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Expected Terms of an Auto Loan For Someone With Bad Credit

If you are considering financing a new car, the expected terms of an auto loan for someone with bad credit can be, in a word, devastating. Let’s explain. As you know, since the downturn of the economy, banks are not willing to approve loans as they have in the past. The sub-prime mortgage crisis took care of that. As a consequence, banks are increasing interest rates, especially for individuals who have low credit scores or bad credit. Moreover, auto dealerships are following suit. Here are examples of what you can expect the terms to be when you are applying for an auto loan and have bad credit.

  • Your interest rate can go as high as 23%
  • You will be required to take out a four or five year loan
  • You may be required to provide a high down payment

Now can you really afford that? Hardly! The bottom line is that the terms for an auto loan for someone with bad credit can be monumental and put a strain on your finances. There are better solutions to avoid this scenario entirely.

Fix Your Credit

Request a copy of your credit report from the three agencies: Experian, Trans Union, and Equifax. Also ask for your credit scores. Examine the reports carefully to determine if there are any items that need to be disputed. If your credit score is below 700, you need to begin paying down your credit until such time as you will qualify for a lower interest rate on your auto loan, require a lower down payment, and reduce the number of years to pay the loan. The last thing you want to do is to add another financial burden to your finances.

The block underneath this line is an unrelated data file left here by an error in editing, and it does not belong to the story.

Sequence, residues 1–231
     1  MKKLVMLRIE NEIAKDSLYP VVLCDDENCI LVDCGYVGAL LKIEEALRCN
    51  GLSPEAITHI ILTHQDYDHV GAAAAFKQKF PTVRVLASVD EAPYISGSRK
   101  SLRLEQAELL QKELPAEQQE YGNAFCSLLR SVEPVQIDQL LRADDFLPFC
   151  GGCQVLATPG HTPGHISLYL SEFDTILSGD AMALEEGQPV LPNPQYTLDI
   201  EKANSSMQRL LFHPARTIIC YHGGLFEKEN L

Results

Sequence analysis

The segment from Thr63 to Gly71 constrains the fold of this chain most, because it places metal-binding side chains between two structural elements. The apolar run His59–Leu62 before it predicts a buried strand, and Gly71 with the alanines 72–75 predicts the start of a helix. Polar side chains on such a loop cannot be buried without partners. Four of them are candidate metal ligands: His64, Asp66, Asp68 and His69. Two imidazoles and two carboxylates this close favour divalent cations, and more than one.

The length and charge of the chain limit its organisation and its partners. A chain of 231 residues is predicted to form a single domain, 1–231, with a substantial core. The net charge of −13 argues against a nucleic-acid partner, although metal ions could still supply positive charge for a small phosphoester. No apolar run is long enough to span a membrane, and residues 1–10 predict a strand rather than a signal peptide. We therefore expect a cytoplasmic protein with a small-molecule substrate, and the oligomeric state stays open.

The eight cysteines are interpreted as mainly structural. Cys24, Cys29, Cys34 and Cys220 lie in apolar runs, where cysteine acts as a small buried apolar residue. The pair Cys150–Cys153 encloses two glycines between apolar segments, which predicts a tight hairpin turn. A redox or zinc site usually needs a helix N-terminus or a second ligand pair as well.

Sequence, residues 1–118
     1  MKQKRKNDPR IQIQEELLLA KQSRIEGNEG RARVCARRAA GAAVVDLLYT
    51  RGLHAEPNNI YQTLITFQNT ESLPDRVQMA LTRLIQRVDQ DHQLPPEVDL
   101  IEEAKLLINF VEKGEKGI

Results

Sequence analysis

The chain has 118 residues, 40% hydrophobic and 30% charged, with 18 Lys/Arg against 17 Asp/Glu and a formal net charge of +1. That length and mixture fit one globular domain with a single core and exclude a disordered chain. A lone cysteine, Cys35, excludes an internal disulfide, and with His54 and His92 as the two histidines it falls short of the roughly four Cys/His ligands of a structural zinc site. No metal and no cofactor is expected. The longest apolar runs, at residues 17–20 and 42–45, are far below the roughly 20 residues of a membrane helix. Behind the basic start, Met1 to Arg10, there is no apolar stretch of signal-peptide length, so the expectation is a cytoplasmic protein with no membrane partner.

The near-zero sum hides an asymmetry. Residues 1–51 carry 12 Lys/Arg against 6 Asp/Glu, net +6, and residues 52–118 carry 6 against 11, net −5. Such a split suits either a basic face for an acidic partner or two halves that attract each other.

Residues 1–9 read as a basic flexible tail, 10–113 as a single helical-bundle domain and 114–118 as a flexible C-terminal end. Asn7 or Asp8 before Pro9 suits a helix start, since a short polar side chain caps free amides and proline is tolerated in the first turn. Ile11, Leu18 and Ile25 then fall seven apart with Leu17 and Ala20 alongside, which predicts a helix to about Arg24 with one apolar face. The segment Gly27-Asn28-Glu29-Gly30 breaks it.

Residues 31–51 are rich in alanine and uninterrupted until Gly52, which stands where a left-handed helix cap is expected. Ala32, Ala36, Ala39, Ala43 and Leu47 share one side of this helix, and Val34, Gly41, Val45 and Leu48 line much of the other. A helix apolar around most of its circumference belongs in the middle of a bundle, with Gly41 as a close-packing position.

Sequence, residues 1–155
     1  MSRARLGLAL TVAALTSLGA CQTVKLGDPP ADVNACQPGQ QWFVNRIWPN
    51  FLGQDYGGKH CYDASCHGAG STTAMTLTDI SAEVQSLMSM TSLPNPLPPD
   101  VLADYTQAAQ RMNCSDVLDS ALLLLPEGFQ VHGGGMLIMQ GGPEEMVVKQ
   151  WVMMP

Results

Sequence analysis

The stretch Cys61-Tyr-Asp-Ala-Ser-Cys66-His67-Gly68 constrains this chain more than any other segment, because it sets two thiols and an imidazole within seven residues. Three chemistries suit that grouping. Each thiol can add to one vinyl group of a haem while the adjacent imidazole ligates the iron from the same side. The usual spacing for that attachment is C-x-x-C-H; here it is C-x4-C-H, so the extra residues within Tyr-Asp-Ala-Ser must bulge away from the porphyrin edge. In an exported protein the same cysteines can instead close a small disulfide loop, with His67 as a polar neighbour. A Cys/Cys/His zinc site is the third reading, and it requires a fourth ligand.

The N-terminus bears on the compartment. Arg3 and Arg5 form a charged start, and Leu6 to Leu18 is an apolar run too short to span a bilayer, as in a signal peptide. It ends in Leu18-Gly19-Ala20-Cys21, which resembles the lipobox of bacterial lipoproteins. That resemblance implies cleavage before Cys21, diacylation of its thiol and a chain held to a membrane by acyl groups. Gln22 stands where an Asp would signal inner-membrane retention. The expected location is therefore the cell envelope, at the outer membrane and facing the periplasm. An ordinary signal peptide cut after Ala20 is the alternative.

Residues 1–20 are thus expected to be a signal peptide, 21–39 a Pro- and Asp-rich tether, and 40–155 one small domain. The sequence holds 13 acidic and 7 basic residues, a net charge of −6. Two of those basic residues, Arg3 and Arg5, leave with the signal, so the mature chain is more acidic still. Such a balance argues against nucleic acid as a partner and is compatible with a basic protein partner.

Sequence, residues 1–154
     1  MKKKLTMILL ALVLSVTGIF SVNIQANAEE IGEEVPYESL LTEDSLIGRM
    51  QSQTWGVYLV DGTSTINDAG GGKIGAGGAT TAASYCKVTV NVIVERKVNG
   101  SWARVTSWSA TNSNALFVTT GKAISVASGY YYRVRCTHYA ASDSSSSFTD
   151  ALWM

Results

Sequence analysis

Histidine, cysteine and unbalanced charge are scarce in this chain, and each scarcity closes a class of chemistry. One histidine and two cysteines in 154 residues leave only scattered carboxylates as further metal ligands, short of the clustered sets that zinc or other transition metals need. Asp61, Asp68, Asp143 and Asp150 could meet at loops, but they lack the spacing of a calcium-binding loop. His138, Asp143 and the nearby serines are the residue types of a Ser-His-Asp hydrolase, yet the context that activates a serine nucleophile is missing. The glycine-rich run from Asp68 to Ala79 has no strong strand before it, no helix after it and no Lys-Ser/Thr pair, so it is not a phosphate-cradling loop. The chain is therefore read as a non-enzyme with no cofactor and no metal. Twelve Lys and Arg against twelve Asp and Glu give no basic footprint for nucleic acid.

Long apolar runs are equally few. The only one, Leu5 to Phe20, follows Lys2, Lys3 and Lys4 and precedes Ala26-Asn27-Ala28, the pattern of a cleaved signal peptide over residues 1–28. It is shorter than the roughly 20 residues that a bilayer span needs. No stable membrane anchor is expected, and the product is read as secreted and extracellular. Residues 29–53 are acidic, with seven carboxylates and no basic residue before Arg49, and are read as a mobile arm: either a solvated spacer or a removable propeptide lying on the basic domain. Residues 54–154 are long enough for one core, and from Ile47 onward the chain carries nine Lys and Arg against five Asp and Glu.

Don’t Believe Everything You Read Online

Now there are a myriad of online sites that offer better terms for an auto loan for someone with bad credit. Be careful! Not all of these sites are legitimate, and you could be paying even higher interest rates and perhaps fall behind in payments. If you really need a new car, think about leasing the car. Although this is not the best case scenario, a small down payment is required and the monthly payments are affordable. The downside is that if you decide to purchase the car after the lease is up, you will then be in the position of having to pay off the car in one lump sum or re-financing it for five years. Again, this depends on your credit rating and income.

A More Prudent Course of Action….

Would be to wait until you pay down your existing debt, check your credit score again, and if it is within the 700 or above range, you can feel somewhat confident that the terms of an auto loan will be more in your favor.

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